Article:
This suspense is terrible. I hope it will last.

Oscar Wilde

I’m not late in my payments, how can I benefit from Obama’s stimulus bill?

Monday lunch time , March 2, 2009.

For those that are in deep waters, facing foreclosure or bankruptcy, check these recommendations, then come back.

For the rest, if you feel that the weight of your iron-debt-ball is getting to heavy, consider applying for a loan modification or to refinance your mortgage —just make sure you do it with the mortgage servicer of your debt — not the collector, nor the collection agency, nor any scam you may be offered out there. You’ll find the name and telephone number of your loan servicer in your monthly mortgage payment coupon book.

In short, the bill has a three pronged approach to make your mortgage payments on your primary residence more affordable:

  • If you’re suffering from reduced income, it encourages the lender to bring your monthly payments down to a 31% of your income before taxes.
  • Also, if you’re feeling the pain due to loss of house value, or having difficulties in meeting the usual 20% equity requirement to refinance your mortgage, lenders will refinance your loan as long as the debt does not exceed 105% of the market value of the property —that’s 25% over the usual 80% cap.
  • Finally, the program gives you incentives to stay current on your debt: up to $1,000 yearly for up to 5 years. The lender also gets a $500 incentive to keep you current.

Let’s illustrate this plan with a couple of examples from the Support at Homeowner Affordability and Stability Plan:

Family A: Access to Refinancing

In 2006, Family A took a 30-year fixed rate mortgage of $207,000 on a house worth $260,000 at the time. (The family put just over 20% down.) They received a Fannie Mae conforming loan with an interest rate of 6.50%.

Today, Family A has about $200,000 remaining on their mortgage but their home value has fallen 15 percent to $221,000.

Their “loan-to-value” ratio is now 90%, making them ineligible for a Fannie Mae refinancing.

Under the Refinancing Plan: Family A can refinance to a rate of 5.16%. This would reduce their annual payments by nearly $2,350.

Existing Mortgage Refinancing
Balance $199,584 $203,575
Remaining Years 27 30
Interest Rate 6.50% 5.16%
Monthly Payment $1,308 $1,113
Savings $196 per month, $2,347 per year

Family C: Eligible for Homeowner Stability Initiative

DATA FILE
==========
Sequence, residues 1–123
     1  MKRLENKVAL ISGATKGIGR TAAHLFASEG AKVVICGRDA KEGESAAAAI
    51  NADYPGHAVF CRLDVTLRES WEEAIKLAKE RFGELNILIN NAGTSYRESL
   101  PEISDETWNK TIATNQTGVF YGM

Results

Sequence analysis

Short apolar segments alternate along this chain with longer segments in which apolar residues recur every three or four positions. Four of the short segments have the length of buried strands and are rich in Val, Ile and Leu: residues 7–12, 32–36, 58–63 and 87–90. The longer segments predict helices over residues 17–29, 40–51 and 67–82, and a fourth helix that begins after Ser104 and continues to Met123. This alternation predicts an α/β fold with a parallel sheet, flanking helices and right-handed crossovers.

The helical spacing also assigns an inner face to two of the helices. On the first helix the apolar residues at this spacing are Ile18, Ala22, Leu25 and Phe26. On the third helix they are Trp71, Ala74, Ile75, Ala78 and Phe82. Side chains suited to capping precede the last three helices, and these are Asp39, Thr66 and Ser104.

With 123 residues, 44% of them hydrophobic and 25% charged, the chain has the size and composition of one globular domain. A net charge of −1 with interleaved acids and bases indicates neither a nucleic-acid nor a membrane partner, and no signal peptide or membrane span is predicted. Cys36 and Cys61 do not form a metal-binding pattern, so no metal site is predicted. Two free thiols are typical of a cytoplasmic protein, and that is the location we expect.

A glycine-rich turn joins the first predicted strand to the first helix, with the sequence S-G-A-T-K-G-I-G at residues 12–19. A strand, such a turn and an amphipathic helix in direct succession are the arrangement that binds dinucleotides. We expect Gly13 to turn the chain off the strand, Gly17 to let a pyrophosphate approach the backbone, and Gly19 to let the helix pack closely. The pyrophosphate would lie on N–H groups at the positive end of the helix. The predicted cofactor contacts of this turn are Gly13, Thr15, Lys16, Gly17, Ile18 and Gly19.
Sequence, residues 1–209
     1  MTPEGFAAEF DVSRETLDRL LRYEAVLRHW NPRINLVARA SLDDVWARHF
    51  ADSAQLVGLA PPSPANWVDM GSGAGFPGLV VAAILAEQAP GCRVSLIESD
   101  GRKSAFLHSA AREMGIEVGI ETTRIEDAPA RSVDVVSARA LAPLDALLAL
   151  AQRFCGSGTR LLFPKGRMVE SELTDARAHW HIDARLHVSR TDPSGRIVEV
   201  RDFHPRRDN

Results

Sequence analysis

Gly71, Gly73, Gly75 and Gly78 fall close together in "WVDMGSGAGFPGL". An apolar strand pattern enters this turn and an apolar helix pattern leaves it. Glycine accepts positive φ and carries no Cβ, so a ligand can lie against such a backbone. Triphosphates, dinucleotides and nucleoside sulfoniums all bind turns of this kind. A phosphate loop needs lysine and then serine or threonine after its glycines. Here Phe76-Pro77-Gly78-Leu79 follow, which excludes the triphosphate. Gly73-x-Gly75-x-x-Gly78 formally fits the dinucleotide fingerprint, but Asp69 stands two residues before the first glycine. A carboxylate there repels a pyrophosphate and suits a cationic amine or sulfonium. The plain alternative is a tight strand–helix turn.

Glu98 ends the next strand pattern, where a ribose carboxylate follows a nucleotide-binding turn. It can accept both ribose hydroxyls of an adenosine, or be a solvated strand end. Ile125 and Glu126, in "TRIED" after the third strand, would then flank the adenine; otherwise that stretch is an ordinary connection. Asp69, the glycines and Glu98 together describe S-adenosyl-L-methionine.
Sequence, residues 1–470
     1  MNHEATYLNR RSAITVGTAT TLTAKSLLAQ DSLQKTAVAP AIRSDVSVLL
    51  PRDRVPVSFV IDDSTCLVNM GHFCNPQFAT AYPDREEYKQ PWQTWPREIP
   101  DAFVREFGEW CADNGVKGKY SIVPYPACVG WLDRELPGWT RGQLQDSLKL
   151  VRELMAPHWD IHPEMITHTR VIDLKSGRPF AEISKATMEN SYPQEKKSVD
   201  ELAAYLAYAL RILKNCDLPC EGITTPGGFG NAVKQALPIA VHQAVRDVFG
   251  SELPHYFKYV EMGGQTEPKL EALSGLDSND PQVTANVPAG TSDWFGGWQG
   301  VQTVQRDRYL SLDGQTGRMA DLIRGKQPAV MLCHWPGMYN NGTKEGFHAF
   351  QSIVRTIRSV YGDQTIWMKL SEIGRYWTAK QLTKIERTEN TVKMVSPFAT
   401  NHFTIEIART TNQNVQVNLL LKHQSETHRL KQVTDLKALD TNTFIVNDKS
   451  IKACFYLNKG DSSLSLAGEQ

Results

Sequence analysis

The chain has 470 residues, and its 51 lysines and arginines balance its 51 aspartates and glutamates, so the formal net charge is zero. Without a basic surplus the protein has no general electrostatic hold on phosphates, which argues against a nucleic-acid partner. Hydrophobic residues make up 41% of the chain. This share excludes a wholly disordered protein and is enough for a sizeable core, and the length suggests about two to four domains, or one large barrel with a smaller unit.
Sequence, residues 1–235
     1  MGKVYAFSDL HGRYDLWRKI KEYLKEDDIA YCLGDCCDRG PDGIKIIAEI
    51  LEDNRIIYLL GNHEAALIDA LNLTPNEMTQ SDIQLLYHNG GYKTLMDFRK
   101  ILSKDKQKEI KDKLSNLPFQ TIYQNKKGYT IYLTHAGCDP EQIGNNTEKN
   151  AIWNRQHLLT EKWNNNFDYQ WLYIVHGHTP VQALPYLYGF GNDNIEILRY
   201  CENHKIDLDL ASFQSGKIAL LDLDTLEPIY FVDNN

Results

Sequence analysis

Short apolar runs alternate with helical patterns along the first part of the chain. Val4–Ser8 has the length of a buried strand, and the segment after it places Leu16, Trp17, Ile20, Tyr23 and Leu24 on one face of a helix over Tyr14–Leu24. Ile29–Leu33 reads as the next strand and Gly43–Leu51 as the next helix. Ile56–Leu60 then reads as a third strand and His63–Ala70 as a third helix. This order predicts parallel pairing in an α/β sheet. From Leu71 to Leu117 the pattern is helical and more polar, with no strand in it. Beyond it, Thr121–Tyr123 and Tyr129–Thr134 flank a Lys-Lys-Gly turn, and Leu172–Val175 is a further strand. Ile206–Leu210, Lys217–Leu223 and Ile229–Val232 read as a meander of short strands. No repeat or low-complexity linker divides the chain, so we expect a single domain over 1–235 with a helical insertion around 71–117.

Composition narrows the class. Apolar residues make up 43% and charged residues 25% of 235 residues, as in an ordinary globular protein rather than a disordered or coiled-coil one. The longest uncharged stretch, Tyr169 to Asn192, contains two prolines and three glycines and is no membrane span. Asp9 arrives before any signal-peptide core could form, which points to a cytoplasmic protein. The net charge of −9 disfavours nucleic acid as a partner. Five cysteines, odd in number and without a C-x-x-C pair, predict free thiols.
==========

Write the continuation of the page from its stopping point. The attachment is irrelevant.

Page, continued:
In 2006, Family C took out a 30-year subprime mortgage of $220,000, on a house worth $230,000 at the time (they put less than 5% down). Their mortgage broker – Mom & Pop Mortgage – sold their loan to Investment Bank. The interest rate on their mortgage is 7.5%.

Today, Family C has $214,016 remaining on their mortgage but their home value has fallen -18% to $189,000. Also, in November, one parent in Family C was moved from full-time to part-time work, causing a significant negative shock to their income.

Their loan is now 113% the value of their home, making them “underwater” and unable to sell their house.

Meanwhile, their monthly mortgage payment is $1,538 and their monthly income has fallen to $3,650, meaning the ratio of their monthly mortgage debt to income is 42%.

Under the Homeowner Stability Initiative: Family C can get a government sponsored modification that – for five years – will reduce their mortgage payment by $406 a month. After those five years, Family C’s mortgage payment will adjust upward at a moderate, phased-in level.

Existing Mortgage Loan Modification
Balance $213,431 $213,431
Remaining Years 27 27
Interest Rate 7.50% 4.42%%
Monthly Payment $1,538 $1,132
Savings $406 per month, $4,870 per year

Once you call your lender, he will ask you to fill and fax a Financial Statement form, fill it at their website, or ask you directly on the telephone for all your income and expense data, as well, as the market value of your home —you can use your property’s tax bill value.

Before you make the call, I suggest you gather all your bills and sources of income, and write them down —take advantage of the Budget section, that’s what it’s for. Then, do a little number crunching to get a feel of where you stand. Have in mind, that you also have to be capable of paying the new loan. In any case, you’ll be needing these documents later on to support your request.

Update, March 4: Federal officials clarified the definition of who is “at risk,” defining it as those: suffering serious hardships, declines in income or increase in expenses; facing an interest rate hike; having high mortgage debt compared to income; owing more than their house is worth, or demonstrating other reasons for being close to default.

To participate in the loan modification plan, borrowers must:

  • have obtained their mortgage before Jan. 1, 2009;
  • have a primary mortgage of less than $729,500;
  • live in the property;
  • fully document their income by providing tax returns and pay stubs;
  • sign a statement of financial hardship; and
  • go for counseling if their total household debt—including auto loans, credit cards and alimony—totals more than 55% of their income.

The modification program will be in effect until the end of 2012, but loans can only be adjusted once.


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